My wife and I returned refreshed and renewed from our lengthy vacation. We visited family and then cruised the beautiful waters of the Caribbean. The generous folk of the Sycamore View Church of Christ had given us a travel voucher from AAA in appreciation for our ministry with the church in 2007. We finally used it, and it was truly renewing.
My favorite part of cruising, other than sharing time and places with my wife, was reading on the deck of the ship with the Atlantic in front of me, my wife beside me, and shaded sunlight beaming around us while feeling the gentle breeze of God’s creation. That setting could make even a bad book tolerable. 🙂
So, what did I read? Here is one…and I will tell you about others in future posts.
Roger Olson, Finding God in the Shack: Seeking Truth in a Story of Evil and Redemption. It is, of course, no substitute for reading The Shack, but it is a sympathetic reflection on the theological themes present in Paul Young’s modern parable. While I have already blogged at length on the novel (the first in my pastoral series is here and the first in my theological review is here), I read this book for several reasons. First, I am speaking on The Shack for three different venues in June and July (a bible class at Woodmont Hills [beginning this Sunday], a Wednesday night series at Harpeth Hills [beginning this Wednesday], and at the Lipscomb Summer Lectures on July 2-3). So, it was a way of reminding myself of some themes and hearing another perspective. Second, I respect Olson’s scholarship in historical theology (especially since he often cited my dissertation on Arminius in his recent book on Arminianism) and consequently I thought I would receive a balanced, thoughtful assessment of The Shack (which I did).
There was much I liked about the book, but I was also somewhat (mildly) disappointed. Olson reviews The Shack positively. He does not think Young’s parable is heretical in relation to the Great Tradition of the church (the ecumenical councils), though he recognizes that many of its points would be heretical within some denominational traditions (e.g., Reformed theology)–and even Olson’s own writings have been regarded as heretical by some on some of the same points that The Shack would be condemend (e.g., human freedom). If Olson is critical of The Shack‘s theology, it is on issues like prevenient grace, regeneration, ambiguous atonement theology and ecclesiology. But his criticisms are rather mild.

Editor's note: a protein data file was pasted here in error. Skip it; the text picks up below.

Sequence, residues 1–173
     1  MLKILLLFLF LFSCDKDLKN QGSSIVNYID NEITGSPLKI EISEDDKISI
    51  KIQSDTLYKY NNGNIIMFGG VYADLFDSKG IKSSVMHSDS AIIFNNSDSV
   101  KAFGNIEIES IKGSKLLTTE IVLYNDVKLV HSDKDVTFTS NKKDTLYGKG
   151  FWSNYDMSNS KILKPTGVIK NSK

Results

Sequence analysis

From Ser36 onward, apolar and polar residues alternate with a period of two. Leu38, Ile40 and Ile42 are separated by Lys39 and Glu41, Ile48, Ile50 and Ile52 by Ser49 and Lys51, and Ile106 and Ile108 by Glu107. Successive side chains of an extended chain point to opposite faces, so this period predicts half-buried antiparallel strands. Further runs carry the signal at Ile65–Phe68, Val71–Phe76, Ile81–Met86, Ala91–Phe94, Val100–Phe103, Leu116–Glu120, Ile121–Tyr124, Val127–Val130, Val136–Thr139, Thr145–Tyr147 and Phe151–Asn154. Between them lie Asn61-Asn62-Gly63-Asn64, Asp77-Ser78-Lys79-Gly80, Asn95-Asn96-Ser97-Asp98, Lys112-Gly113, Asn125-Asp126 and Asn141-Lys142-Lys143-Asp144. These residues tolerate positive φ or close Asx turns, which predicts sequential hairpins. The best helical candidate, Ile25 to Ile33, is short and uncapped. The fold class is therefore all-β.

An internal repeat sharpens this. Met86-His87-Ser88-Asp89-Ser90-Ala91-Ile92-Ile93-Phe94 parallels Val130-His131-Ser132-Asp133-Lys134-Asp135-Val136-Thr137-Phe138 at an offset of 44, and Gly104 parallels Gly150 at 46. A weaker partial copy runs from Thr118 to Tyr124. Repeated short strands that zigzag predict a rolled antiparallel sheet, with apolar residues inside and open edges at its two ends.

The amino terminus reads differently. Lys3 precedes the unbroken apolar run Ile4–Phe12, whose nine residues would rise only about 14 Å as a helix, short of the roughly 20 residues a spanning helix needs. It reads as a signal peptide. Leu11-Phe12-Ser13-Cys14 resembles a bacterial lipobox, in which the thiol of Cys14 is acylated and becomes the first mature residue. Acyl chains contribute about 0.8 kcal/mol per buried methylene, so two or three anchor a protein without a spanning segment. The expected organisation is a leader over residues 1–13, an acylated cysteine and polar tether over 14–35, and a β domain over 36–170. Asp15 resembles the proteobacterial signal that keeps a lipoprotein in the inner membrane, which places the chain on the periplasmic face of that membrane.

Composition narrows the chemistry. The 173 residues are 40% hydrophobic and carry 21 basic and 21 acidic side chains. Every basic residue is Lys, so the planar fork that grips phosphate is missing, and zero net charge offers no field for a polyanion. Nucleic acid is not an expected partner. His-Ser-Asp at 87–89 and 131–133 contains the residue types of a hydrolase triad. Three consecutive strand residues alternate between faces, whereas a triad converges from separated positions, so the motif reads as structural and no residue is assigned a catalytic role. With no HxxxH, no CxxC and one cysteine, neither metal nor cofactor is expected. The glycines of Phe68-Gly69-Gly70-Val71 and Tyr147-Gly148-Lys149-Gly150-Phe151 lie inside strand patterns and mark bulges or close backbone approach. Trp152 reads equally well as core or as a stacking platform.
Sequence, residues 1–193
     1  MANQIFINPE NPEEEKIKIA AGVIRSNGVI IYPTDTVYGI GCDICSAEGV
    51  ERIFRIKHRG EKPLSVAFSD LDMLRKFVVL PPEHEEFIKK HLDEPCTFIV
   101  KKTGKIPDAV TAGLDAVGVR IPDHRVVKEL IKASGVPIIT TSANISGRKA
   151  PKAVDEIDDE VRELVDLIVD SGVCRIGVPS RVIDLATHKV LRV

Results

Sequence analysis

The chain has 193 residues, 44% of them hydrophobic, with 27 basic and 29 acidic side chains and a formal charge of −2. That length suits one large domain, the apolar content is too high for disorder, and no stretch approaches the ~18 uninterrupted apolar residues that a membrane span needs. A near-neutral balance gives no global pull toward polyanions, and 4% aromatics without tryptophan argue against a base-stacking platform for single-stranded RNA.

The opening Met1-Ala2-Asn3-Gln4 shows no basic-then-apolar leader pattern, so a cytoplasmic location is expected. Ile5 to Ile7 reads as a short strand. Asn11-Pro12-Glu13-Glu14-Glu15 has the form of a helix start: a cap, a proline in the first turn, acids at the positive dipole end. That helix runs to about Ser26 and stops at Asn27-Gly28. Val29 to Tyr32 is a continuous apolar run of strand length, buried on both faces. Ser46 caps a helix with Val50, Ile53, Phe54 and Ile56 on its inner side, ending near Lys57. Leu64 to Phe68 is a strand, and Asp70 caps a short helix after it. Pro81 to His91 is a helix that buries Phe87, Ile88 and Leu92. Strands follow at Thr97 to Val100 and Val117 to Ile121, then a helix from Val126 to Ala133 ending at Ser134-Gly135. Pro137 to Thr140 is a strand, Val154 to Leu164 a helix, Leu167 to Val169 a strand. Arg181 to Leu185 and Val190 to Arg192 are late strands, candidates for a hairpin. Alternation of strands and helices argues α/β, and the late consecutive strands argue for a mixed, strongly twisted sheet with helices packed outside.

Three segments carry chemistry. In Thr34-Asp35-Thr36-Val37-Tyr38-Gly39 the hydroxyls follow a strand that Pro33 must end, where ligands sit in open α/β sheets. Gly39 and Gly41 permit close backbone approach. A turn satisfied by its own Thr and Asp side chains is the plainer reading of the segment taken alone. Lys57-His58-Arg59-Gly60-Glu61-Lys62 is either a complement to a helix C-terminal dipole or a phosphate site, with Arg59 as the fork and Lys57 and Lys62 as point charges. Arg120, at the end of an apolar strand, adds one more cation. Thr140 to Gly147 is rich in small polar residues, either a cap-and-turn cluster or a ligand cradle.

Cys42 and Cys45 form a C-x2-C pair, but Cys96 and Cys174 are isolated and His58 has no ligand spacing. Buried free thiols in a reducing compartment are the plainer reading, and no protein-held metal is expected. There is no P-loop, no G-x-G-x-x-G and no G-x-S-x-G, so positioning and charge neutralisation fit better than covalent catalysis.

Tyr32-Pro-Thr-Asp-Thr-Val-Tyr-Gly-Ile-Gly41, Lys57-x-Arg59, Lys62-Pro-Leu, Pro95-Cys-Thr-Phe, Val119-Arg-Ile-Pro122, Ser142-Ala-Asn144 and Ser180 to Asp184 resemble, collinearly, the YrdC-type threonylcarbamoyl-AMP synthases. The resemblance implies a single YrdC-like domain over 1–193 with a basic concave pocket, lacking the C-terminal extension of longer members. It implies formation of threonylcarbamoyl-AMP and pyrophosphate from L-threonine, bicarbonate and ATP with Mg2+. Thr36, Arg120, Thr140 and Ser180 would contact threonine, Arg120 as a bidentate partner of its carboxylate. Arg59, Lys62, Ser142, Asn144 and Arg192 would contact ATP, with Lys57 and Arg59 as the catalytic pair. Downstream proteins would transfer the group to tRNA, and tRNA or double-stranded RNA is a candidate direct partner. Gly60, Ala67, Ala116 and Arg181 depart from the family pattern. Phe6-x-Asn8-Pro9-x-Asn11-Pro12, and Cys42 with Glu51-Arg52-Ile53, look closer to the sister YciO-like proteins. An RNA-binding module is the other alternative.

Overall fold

My disappointment, however, was with the ahistorical reading of the novel, that is, there was no consideration of Young’s own purpose, background or metaphors for his journey. There was little recognition that the “shack” functions as a metaphor for the woundness of one’s life and the journey of recovery toward healing.
I understand that a novel may stand alone without an author’s background providing the hermeneutical frame for reading it, but this publication gives us hints and clear clues that we should read this novel within the frame of Young’s own life. For example, it was written for his children so that they could understand how his vision of God had changed through his redemption as a fallen minister. The acknowledgements at the end reveal that the “shack” is a metaphor for the soul’s woundness. Indeed, in Young’s own life, the “shack” is his own murdered childhood (Missy).
If we don’t understand that, then we will misread the intent of the parable. While Olson recognizes that the novel is not a “systematic theology,” he does tend to read it through the lens of a discipleship manual or, as he put it, “trusting God, following Jesus and being transformed” (p. 123). But this misses the point, I think. The Shack is about Young’s recovery journey, about his own redemption, through an encounter with God that is telescoped into two-day dream. It is not a discipleship manual, nor an ecclesiology, nor a systematic theology. It is an expanded parable of a Jobian prodigal son who returns to discover the Father’s love. I think Olson misses the metaphor and thus the real impact of the redemptive story Young narrates, especially about Young’s own life.
Another example of this is how one perceives the ending. For some, as it was for Olson, it was “all sweetness and light” (pp. 129ff). Though recognizing the parallel with Job, the “happy ending” is off-putting because it is disconnected from the reality of Young’s own personal recovery. His children recognize their father’s “happy ending”–it is his real story. His vision (the way he thinks about God, relates to God and experiences God) changed his life and God recovered him for ministry through this novel. It is not everyone’s “ending,” but it is Young’s.
Despite this, however, Olson’s book is a light (too much so perhaps for my tastes) review of The Shack‘s theology in the light of biblical and historical concerns as well as existential realities. He reflects on the themes through Scripture but also in the light of historical theology. He recognizes the criticisms of the book–yields to a few of them (very few), but ultimately recommends the book as a way of walking through significant themes that daily challenge believers. I would recommend Olson’s book as a healthy interaction with Young’s novel.